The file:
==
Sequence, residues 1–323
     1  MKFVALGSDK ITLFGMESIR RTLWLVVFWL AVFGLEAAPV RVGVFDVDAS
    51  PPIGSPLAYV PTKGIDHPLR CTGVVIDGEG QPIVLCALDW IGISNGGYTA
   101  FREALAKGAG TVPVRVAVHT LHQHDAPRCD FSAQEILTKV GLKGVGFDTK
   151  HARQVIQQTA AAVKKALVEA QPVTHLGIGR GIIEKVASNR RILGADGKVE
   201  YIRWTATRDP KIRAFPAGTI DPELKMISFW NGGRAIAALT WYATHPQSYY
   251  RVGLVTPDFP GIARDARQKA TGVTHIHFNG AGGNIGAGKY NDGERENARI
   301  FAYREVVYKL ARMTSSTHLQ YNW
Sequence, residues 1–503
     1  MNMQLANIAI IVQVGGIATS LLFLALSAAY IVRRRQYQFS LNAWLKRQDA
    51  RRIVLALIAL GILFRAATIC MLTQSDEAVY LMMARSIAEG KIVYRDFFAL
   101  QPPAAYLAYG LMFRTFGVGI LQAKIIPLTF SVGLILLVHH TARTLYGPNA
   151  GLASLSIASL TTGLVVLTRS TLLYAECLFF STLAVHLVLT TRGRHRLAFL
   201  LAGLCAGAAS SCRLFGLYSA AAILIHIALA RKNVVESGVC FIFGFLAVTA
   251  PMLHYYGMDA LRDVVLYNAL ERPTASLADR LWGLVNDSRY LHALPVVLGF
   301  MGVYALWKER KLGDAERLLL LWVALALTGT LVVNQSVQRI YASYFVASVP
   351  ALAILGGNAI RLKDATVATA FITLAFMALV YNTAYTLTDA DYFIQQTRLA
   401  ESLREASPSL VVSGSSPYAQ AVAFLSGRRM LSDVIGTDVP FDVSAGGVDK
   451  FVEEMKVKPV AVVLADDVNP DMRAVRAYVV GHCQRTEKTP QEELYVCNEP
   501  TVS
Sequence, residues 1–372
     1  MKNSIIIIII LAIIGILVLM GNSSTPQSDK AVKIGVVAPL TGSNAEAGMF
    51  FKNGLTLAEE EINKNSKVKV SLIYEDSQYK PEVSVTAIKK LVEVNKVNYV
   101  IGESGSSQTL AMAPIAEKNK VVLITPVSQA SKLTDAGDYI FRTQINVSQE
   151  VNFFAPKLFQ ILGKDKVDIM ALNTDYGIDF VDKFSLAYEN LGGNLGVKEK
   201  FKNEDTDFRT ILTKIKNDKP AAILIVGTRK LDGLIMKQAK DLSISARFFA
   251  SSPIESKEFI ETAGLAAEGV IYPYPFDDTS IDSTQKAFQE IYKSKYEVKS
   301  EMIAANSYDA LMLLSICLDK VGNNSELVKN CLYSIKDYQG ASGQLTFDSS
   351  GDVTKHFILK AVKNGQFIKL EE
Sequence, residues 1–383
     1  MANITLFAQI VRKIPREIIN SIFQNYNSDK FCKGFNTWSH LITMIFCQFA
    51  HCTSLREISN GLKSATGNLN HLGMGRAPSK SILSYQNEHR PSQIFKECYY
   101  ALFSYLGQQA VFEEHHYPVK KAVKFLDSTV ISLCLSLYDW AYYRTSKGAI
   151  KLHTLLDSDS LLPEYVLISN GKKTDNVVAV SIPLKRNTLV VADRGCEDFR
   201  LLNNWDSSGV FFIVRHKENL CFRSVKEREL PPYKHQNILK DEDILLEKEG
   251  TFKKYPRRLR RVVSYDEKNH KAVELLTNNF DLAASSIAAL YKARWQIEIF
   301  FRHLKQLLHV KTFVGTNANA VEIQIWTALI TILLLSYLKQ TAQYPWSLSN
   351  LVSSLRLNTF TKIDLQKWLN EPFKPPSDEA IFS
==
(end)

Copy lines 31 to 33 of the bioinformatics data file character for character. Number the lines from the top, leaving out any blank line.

     1  MANITLFAQI VRKIPREIIN SIFQNYNSDK FCKGFNTWSH LITMIFCQFA
    51  HCTSLREISN GLKSATGNLN HLGMGRAPSK SILSYQNEHR PSQIFKECYY
   101  ALFSYLGQQA VFEEHHYPVK KAVKFLDSTV ISLCLSLYDW AYYRTSKGAI